Wednesday, February 29, 2012

Titanic and the Wireless

© Photowitch |
What if you found yourself on the Titanic today?

The ship sinking…seawater coming up higher and higher on each deck. What would you do?

Grab your cell phone. Call or text for help.

If wasn’t that simple back in 1912.

The wireless was the only means of long distance communication between Titanic and other ships (the Morse lamp was used for ships within visual range as well as rockets) as well as land.

Much has been written about the Marconi wireless and how novel it was to the passengers on the ship.

Who can forget the scene in the film when operator Jack Phillips “yells” back to the operator on the nearby Californian, “Shut up, shut up! I’m working Cape Race.” (Cape Race was the first wireless station in Newfoundland and the only land station to receive the Titanic’s distress signal.)

Frustrated, the operator shuts down his wireless and goes to bed. No further communication with him was possible that night.

He didn’t hear the “CQD” or the “SOS” after the Titanic hit the iceberg.

The Californian didn’t know until it was late the ship was sinking.

According to newspaper reports at that time, CQD was the British landline operators’ signal (“CQ” for “all stations”) with the addition of “D” by the Marconi company for added emphasis (danger).

“SOS” was adapted because of its distinctive Morse Code pattern of three dots…three dashes…three dots.

According to an in-depth article by Frances Williams at Suite 101: “Only five months before the disaster, New York had received the first wireless transmission from Italy and for many years Marconi had been working to improve the range of his transmissions.”

The Titanic had a first rate wireless room and could receive signals as far as 400 miles during the day and seemingly unlimited range at night.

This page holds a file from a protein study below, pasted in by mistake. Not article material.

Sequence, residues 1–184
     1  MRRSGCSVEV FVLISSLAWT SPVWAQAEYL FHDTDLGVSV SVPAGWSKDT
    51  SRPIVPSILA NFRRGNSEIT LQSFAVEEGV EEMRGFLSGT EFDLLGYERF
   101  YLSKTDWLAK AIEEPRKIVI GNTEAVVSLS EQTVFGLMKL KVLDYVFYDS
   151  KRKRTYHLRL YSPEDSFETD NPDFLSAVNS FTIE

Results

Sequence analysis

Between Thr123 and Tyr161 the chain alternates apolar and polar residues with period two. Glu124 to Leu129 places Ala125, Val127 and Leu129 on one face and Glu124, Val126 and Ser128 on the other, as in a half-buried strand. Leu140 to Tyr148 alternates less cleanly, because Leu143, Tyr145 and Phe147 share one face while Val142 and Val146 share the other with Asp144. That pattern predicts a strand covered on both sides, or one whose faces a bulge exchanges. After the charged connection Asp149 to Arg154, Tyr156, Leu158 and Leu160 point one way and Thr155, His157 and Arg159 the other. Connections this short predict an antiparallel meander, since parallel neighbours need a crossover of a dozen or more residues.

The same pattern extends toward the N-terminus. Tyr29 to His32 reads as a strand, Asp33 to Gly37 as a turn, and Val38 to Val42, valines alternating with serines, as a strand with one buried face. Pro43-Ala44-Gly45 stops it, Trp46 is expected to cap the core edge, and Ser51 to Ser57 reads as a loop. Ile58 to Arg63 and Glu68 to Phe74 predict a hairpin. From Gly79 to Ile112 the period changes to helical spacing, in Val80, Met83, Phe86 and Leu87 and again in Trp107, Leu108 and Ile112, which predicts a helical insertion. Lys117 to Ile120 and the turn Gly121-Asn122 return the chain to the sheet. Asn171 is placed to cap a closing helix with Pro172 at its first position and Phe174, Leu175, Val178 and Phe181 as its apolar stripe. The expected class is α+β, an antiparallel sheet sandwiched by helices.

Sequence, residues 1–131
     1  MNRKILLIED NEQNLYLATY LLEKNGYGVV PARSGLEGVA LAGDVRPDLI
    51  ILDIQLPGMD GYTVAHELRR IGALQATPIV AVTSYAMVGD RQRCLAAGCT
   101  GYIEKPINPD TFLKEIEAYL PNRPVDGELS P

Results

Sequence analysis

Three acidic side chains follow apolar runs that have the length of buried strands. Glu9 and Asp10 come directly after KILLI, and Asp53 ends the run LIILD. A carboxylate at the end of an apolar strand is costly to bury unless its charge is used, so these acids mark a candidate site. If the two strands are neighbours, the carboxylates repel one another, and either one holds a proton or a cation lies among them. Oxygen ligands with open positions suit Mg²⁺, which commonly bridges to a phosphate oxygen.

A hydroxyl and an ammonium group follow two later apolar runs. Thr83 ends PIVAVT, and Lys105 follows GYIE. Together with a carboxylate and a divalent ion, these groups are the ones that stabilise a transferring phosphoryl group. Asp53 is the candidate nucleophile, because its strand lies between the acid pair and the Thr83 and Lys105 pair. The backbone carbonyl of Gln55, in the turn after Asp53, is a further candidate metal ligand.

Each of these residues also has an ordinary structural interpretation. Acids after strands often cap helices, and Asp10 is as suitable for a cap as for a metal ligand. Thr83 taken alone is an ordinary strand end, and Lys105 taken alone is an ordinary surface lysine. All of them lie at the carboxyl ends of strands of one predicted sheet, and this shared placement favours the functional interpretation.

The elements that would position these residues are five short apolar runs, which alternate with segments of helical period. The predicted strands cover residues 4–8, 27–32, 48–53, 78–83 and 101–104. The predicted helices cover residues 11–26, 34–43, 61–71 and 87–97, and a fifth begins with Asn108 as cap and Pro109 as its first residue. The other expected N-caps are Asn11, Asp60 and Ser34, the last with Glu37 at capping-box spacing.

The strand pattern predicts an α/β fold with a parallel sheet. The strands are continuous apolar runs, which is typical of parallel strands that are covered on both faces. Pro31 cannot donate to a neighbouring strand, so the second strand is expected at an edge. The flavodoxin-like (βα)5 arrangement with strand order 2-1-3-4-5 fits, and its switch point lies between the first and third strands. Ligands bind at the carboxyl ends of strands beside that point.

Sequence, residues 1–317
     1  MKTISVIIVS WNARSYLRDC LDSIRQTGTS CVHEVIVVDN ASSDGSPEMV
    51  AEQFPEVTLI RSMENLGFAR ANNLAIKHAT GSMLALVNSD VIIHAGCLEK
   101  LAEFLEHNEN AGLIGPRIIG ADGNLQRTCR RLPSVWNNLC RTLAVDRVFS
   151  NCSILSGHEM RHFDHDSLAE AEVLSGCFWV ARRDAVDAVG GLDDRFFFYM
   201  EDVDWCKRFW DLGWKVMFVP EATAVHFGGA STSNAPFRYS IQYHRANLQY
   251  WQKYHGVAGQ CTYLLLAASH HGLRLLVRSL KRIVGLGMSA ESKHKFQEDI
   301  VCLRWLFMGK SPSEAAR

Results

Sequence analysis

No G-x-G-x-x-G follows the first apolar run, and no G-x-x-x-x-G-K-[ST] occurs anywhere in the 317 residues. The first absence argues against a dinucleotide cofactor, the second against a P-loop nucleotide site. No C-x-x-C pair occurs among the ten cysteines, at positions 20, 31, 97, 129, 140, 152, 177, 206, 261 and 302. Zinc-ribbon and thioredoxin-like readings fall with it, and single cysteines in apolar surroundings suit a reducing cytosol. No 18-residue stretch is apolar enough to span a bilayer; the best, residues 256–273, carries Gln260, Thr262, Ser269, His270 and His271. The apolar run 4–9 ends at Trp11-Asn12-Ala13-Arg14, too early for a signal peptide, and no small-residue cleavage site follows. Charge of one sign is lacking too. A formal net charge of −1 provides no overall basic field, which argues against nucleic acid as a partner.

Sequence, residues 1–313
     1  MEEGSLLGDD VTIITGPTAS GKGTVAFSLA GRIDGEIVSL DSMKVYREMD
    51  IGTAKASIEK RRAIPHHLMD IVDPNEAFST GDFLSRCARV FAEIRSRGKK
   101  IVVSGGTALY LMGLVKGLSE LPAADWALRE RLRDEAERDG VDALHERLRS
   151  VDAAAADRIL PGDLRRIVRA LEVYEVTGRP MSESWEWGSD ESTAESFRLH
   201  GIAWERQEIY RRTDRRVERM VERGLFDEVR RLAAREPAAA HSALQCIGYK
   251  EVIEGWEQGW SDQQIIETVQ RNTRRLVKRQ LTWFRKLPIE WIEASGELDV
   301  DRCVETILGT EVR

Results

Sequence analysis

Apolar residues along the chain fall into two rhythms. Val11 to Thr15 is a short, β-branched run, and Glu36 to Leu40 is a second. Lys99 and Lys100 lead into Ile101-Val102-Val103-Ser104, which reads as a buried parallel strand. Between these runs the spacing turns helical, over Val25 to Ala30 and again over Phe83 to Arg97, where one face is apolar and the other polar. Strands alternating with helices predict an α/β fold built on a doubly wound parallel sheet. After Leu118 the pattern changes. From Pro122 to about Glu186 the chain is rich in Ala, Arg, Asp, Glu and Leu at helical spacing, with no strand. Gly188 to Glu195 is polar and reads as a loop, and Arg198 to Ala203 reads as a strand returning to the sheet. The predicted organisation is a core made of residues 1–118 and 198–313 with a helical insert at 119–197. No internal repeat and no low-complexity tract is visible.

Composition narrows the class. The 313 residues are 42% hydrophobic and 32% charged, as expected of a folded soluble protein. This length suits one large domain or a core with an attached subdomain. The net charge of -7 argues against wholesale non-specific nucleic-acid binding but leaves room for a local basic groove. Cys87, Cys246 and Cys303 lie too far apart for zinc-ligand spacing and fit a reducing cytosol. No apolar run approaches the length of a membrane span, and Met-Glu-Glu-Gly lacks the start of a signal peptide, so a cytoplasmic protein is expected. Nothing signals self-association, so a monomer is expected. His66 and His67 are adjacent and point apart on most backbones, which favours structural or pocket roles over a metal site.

Which meant they weren’t the only ones sending messages back and forth (the Titanic had sent 250 messages during the voyage).

According to the NY Herald, April 18, 1912, something had to be done to regulate the wireless lest more disasters at sea take place because their distress signal wasn’t heard. “Wireless meddlers” crowded the airwaves with messages and a Senate bill was drawn up to set up to regulate operators with a license.

No post about Titanic and the wireless would be complete without mentioning the two Marconi operators and their dedication to duty.

J.G. Phillips, 25 years old, was the chief operator and had served on the Mauretania and the Lusitania. He had been with the company for seven years and did not survive.

Harold Sydney Bride, 22 years old, had only been with the company twelve months and did survive. (He was on the same overturned lifeboat along with the hero in my romance novel, “Titanic Rhapsody,” Captain Lord Jack Blackthorn.)

It was Phillips who sent the famous wireless message to Harold Thomas Cottam, the sole wireless operator on the Carpathia:

“It’s CQD, old man. Distress call.”